Memorial Day ceremonies set
Published 8:44 pm Tuesday, May 19, 2015
Three ceremonies are planned for Memorial Day this Saturday and Monday.
Coming up first, the Suffolk Chapter 173 of the United Daughters of the Confederacy will hold its Memorial Day ceremony at 10 a.m. Saturday in Cedar Hill Cemetery on Mahan Street. The Tom Smith Camp of the Sons of Confederate Veterans will participate.
Mike Pullen, a past commander of the Tom Smith Camp and a lieutenant commander of the Army of Northern Virginia, will speak.
Email newsletter signup
He will make connections between Richmond’s Oakwood Cemetery’s Confederate section, a Virginia Division project of which he is the chairman, and veterans buried at Cedar Hill. He’ll also speak on the time period after the Civil War, he said.
On Monday, the observance at Albert G. Horton Jr. Memorial Veterans Cemetery, 5310 Milners Road, will begin at 10 a.m. It is sponsored by the American Legion Nansemond Post 88.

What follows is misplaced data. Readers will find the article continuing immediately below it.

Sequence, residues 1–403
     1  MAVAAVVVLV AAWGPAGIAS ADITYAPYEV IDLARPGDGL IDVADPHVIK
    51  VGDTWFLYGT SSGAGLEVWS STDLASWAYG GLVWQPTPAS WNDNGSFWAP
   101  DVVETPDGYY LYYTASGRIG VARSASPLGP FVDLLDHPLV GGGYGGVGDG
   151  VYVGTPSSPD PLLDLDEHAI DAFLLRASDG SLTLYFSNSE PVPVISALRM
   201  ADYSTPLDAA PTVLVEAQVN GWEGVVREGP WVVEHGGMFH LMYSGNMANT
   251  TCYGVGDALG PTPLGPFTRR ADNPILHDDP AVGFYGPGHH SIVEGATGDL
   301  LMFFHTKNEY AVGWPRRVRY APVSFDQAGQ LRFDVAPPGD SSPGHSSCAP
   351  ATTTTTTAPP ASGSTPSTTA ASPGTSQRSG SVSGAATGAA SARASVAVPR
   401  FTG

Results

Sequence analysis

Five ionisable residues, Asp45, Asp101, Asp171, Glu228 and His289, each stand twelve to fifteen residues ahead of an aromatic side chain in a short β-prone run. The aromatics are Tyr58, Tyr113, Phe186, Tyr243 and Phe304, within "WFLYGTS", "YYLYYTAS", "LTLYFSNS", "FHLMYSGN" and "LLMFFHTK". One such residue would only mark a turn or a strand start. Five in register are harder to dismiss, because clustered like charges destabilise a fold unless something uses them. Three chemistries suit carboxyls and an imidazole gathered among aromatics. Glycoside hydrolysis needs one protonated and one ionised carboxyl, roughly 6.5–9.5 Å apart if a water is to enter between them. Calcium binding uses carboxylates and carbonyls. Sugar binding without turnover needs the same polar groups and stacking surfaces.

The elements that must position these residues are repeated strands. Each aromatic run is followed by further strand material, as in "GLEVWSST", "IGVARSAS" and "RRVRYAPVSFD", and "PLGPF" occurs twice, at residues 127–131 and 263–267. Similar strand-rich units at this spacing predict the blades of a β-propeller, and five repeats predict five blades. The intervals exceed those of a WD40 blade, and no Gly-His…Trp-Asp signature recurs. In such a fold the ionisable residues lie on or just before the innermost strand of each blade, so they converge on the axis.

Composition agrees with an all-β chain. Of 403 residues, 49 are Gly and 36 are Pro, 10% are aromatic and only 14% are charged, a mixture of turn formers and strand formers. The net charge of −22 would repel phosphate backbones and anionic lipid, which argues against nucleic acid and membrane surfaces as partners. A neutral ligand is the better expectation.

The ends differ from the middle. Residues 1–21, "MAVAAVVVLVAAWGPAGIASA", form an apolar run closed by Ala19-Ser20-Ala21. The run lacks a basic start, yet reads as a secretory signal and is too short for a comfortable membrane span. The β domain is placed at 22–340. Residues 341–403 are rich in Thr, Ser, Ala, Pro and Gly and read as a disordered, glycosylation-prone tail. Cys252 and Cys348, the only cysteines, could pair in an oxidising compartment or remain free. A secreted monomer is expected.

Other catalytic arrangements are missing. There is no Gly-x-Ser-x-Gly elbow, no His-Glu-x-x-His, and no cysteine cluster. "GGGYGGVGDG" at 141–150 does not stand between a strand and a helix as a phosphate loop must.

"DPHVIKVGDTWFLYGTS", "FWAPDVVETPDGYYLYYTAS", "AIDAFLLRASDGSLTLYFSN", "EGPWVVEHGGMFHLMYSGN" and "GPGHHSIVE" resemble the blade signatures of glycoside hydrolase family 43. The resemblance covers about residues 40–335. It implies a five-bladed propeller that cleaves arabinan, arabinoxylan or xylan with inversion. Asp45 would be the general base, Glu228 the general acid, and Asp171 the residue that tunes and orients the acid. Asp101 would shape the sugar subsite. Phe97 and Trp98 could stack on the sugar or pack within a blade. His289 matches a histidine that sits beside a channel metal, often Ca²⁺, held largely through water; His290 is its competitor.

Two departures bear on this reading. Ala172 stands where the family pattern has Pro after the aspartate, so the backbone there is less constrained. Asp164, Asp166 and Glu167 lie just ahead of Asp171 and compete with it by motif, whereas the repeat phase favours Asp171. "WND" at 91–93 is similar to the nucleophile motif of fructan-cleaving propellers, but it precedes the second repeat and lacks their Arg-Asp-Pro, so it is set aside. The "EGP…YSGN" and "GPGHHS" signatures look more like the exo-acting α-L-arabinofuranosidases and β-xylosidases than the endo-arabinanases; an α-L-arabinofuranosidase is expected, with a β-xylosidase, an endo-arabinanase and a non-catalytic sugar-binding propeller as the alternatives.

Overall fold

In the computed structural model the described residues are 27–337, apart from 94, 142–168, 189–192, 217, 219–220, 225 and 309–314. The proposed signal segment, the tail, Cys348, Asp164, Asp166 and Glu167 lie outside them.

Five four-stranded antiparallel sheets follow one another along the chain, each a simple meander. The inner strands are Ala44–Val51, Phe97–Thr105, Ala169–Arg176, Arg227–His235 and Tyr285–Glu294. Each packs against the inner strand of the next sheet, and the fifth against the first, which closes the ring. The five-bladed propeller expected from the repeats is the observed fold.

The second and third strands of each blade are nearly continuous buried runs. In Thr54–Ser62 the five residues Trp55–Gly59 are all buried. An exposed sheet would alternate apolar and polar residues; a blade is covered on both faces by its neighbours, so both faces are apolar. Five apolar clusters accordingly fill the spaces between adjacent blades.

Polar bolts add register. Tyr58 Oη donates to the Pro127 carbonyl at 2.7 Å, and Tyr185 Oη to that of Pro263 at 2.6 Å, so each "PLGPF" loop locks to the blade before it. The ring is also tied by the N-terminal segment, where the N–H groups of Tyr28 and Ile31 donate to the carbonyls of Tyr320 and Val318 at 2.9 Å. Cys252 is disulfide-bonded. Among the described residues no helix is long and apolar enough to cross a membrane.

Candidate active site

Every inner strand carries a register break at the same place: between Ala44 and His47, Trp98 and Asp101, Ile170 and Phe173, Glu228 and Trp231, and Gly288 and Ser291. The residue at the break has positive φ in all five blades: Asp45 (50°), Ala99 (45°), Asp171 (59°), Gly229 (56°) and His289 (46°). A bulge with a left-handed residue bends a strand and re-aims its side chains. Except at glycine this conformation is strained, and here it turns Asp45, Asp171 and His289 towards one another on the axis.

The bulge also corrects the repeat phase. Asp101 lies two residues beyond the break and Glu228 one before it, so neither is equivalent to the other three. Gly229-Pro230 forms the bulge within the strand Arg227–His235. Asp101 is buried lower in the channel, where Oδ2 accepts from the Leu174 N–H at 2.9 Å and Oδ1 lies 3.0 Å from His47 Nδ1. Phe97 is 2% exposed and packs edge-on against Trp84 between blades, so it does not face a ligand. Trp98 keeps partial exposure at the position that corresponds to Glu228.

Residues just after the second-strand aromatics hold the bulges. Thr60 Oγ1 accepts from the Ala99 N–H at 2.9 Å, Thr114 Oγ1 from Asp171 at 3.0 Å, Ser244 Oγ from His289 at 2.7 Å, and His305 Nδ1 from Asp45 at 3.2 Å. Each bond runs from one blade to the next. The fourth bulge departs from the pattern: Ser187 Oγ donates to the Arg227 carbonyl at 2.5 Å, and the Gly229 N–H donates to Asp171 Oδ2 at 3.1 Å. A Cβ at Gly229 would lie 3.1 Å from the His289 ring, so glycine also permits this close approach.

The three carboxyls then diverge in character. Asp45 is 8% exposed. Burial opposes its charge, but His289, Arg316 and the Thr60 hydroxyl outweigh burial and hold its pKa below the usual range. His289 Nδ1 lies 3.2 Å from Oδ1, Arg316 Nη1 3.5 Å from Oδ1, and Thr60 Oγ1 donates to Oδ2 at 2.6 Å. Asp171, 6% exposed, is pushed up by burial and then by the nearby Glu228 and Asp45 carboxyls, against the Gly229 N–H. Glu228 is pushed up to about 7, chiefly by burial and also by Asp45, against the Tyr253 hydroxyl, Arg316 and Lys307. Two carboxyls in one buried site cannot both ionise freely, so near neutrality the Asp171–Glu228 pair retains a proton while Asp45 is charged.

“Every year it’s a wonderful one,” said Dan Kemano, director of cemeteries for Virginia’s Department of Veterans Services. “It’s going to be a really, really great one. It always is.”
U.S. Army Sgt. Maj. Jim Thomson will be the keynote speaker at the Horton cemetery. He has been in the Army for 28 years and currently serves at the U.S. Army Training and Doctrine Command’s Institute for Noncommissioned Officer Professional Development. His awards and decorations include the Legion of Merit, Bronze Star Medal and Meritorious Service Medal.
Also Monday, beginning at 11 a.m., the American Legion Norman R. Matthews Post 57 will host its annual recognition at Cedar Hill Cemetery.
Col. Stephanie Lewis of the U.S. Army Signal Corps will be the guest speaker. She comes from a military family and is a third-generation colonel, Post Commander Joe Garlitz said. Her father served a number of tours of duty during the Vietnam War.
Garlitz said there will be a special commemoration of the Vietnam War, since this year is the 50th anniversary of its beginning.
“We sponsor the event every year, just out of tradition and to remember our fallen brothers that served,” Garlitz said.